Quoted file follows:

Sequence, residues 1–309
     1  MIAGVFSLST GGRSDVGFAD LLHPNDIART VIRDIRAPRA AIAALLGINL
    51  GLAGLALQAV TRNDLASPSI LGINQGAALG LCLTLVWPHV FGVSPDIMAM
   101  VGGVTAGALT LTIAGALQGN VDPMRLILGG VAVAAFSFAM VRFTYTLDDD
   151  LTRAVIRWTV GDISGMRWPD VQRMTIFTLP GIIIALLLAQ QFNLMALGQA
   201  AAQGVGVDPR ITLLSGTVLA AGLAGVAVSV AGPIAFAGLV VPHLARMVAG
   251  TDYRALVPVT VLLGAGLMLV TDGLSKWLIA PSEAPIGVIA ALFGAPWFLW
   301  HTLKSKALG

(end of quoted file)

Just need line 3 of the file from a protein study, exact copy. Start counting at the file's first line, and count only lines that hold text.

    51  GLAGLALQAV TRNDLASPSI LGINQGAALG LCLTLVWPHV FGVSPDIMAM